The replacement for the original M3 first appeared at the 1992 Paris Auto Show. This E36 coupe model got the 3.0 L S50B30 straight-6 engine, which produced 286 hp (210 kW).
For the 1996 model year the M3 was upgraded to a new 3.2 L, 321 hp (236 kW) engine (S50B32), a six speed gearbox and the M5's larger brakes. The new SMG gearbox was also offered as an option. These models are often described as the "Euro" models to differentiate them from the models sold in North America, which were quite different. The 3.2 Euro is also known as the M3 "Evolution" or "Evo".
The first E36 M3 to be imported to the United States was the 1995 model, which received a 3.0 L engine with 240 hp (176 kW) and 305 N•m (225 ft·lbf) (S50B30US) and a different suspension. The reasoning behind the less powerful motor was largely due to both the projected excessive costs in producing the original engine for the U.S. market and the possible difficulty in getting the European engine to pass more strict U.S. emission laws. An M3 that was sold in the United States in 1995 was one of 2953 '94 models shipped from Europe. This coupe has a 3.0L 24-valve DOHC straight six-cylinder engine. This engine produces 240bhp at 6000rpm and 225lbs-foot of torque at 4250. BMW also produced somewhere between 120 and 125 M3 Lightweights (only 85 made it to the US), often called the CSL (for compact sports light). These were reduced weight versions of the model intended to be used on the street or on the track. It was about 200 to 300 pounds lighter than a stock M3 with many of the car's features removed, such as air conditioning, leather seats, and the sunroof.
The 1996-1999 model years had displacement bumped up to 3.2 L, with 240 hp (176 kW) and 320 N•m (236 ft·lbf) which is the same engine used in the early M Roadster and M Coupe. The 1996+ model is known for being more difficult to tune for performance, due to slightly smaller intake manifold runners and more complicated electronics (OBDII). It was also available as a sedan starting in model year 1997, and as convertible in 1998. Production of the sedan was halted in 1998, while the other models continued until 1999.
*Average of independent magazine sources. US residents, multiply by 1.2 if you want to convert an Imperial mpg result into US mpg. **Timed by Autocar at 162 mph with European (155mph limiter) *** Car & Driver ran both their routine and extended (35,000) mile 3-liter M3s through their test procedures and returned much quicker results than most. The average figures quoted are fairer for the private buyer's expectations today, but for the record, C&D recorded 0–60 mph in 5.5 seconds in both sessions. They recorded 0–100 mph in 14.6 seconds and 14.2 seconds at 98- or 99-mph terminal speeds for the standing 1/4 miles. Car & Driver ran an automatic-transmission 3-liter M3 through the strip procedures and returned 0–30 mph in 2.6 seconds, 0–60 mph in 6.7 seconds, 0–100 mph in 17.1 seconds, and a 15.3-sec/95-mph ;-mile pass. Both top speed (137 mph) and average fuel consumption (24 US mpg) were reportedly unaffected. Curb weight was up 72 lbs, at a reported 3,304 lbs.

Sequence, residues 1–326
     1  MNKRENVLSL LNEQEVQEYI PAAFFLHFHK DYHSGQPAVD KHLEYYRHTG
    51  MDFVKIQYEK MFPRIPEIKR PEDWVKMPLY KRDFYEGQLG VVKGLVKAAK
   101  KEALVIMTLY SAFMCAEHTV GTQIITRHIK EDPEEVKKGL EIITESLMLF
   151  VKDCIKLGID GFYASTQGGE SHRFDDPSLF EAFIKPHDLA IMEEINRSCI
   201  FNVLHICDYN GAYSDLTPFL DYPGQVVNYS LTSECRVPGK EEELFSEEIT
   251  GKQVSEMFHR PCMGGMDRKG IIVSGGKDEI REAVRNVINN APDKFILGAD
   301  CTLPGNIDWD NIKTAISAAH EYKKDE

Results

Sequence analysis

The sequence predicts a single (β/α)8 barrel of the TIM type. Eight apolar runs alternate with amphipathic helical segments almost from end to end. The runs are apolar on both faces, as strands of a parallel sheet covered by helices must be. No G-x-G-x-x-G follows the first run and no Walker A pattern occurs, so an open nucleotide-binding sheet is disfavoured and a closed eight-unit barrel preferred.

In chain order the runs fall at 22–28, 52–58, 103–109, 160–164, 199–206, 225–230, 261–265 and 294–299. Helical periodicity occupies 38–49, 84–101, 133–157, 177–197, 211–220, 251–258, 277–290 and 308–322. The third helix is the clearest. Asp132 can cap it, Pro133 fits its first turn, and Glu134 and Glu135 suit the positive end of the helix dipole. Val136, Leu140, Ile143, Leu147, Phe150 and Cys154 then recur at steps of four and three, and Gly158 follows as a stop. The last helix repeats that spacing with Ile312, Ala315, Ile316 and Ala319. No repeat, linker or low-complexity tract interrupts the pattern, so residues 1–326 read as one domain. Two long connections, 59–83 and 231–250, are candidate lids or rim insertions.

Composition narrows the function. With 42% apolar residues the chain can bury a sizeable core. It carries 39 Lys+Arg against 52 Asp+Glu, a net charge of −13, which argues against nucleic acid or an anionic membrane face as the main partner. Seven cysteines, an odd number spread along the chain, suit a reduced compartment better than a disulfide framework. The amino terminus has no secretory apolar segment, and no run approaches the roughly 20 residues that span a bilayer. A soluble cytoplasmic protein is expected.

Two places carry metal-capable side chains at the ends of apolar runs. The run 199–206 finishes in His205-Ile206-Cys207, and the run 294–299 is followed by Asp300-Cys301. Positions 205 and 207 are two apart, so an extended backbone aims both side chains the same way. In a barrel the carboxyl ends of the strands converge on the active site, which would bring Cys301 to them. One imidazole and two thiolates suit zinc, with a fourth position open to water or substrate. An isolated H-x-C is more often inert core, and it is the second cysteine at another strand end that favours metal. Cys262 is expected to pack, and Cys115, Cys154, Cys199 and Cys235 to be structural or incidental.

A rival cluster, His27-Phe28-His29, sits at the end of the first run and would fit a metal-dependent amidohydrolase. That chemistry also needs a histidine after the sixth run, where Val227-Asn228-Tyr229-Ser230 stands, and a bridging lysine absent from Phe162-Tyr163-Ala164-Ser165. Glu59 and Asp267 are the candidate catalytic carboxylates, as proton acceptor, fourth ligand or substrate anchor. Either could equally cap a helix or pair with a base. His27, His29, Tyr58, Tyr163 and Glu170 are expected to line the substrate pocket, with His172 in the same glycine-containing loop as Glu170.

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Best Handling Car at Any Price
Car and Driver September 1997: "The Best-Handling Car for More Than 30K" An article by Car and Driver comparing the E36 M3 to the Acura NSX-T, Chevrolet Corvette, Dodge Viper GTS, Ferrari F355, Honda Prelude SH, Porsche Boxster, Porsch 911 Carrera S, and the Toyota Supra Turbo.
BMW's M3 is one of the least-expensive cars in this group. It's also the tallest and narrowest car and has the most-usable rear seat. Its first-place finish proves that superb handling does not require exotic-car packaging or exotic-car prices.
The M3's cockpit works naturally. The driver's seat offers a commanding view of the road and the hood's corners. Hands fall instinctively to the steering wheel and shifter, as do feet to the pedals. Heel-and-toeing is possible, and a dead pedal is included. An adjustable steering wheel would have been nice, as well as more lateral support, but these issues didn't get in the way of our adoration.
The M3 possesses uncanny roadgoing ability. This is the most-agile car here. The steering eagerly bites into corners and is alive with feel. "Constantly talking to my fingers," wrote Csere. It latches onto a line in corners as if on a mission from God. Webster: "Rolls gracefully into curves at a constant rate and goes right where you point it."
The M3 covers for you. The suspension shrugs off bumps, swells, and off-camber depressions without upsetting the line. Not once did any driver cross it up. Smith: "Overcooked a corner, and the BMW's forgiving nature made it interesting rather than scary." Even at the hairy edge of traction, the M3 is accepting of further driver input, which builds tremendous confidence. Unlike the Acura NSX, the Dodge Viper, or even the Ferrari F355, you feel free to explore the M3's limits without fear that something awful awaits if you miscalculate.
The M3 is like one of those mules that pull tour duty in the Grand Canyon, year after year: It isn't capable of a misstep. This car lets you seek out its limits quicker and more confidently than any of the other cars here. If that doesn't make for a winning handler, we don't know what does.
.... So, what's the best-handling car at any price? ...It's an eight-horn salute to the BMW M3 as "the best-handling car."